Much to the chagrin of the Navy, LeMay took to navigation like it was second nature. In 1937, the Army’s new bombers participated in a training exercise with the USS Utah. Within 24 hours, the pre-production B-17s had to locate the Utah off the West Coast and “destroy” the battleship. But the Navy — who hadn’t been taking the Army’s bomber force seriously (as it turns out, inter-branch backbiting isn’t a modern invention) — rigged the exercise from day one.
Crew members from the Commemorative Air Force prepare a B-17 Flying Fortress for departure from Sioux City, Iowa, on July 25, 2022. The aircraft is one of only five active B-17s. US Air National Guard photo by Senior Master Sgt. Vincent De Groot.
“In August, off the West Coast, there’s nothing but fog for a thousand miles out there,” LeMay told Air Force Academy cadets in a 1971 speech. “And they deliberately picked this time, I’m sure.”
The Utah also reported its coordinates to LeMay late in the exercise and 60 miles from its actual location — oops. But LeMay was good at his job. With only 10 minutes remaining, he spotted the battleship between clouds. The airmen showed no mercy. From only 400 feet, the bomber ruthlessly pummeled the battleship with 50-pound water “bombs.”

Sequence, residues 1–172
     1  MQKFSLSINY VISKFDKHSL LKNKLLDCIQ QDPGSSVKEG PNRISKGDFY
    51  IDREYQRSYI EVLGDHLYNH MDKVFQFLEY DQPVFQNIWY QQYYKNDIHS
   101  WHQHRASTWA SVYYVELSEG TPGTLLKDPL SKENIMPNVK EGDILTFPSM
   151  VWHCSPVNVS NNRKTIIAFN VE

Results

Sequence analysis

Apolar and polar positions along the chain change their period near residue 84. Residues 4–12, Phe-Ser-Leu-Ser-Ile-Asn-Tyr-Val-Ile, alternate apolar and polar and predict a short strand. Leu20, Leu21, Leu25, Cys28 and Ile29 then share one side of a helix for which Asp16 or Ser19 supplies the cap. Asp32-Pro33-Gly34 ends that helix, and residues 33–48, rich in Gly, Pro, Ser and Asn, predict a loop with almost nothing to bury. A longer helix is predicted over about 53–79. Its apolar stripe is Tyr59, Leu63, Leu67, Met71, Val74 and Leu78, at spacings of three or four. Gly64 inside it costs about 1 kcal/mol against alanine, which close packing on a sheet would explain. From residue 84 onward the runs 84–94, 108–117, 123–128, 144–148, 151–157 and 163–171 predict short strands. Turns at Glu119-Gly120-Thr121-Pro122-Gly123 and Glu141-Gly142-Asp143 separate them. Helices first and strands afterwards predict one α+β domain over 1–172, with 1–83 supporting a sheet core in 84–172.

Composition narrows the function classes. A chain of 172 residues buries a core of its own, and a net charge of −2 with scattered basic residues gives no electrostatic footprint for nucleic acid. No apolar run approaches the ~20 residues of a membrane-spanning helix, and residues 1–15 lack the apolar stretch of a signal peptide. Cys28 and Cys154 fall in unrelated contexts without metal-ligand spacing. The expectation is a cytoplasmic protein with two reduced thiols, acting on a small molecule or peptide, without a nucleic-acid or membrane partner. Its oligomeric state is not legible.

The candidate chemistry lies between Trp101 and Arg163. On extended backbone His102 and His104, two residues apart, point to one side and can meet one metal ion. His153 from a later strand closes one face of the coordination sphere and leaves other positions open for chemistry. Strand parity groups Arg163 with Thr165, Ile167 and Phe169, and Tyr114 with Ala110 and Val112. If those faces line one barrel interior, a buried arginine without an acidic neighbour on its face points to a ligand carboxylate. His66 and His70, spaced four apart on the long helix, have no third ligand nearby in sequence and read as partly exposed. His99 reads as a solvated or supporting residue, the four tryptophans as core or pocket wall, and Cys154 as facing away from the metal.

“The Navy was so sure they wouldn’t be found that the men were all over the decks!” LeMay said. “Everyone was diving for the gangplanks and hatches.”
American ships burn during the Japanese attack on Pearl Harbor, Hawaii, Dec. 7, 1941. AP photo.
During the first 11 years of his military career — until Japan attacked Pearl Harbor on Dec. 7, 1941 — LeMay was promoted slowly, at a peacetime pace. But after the US entered World War II, he rocketed through four ranks, rising all the way from major to major general between 1942 and 1944.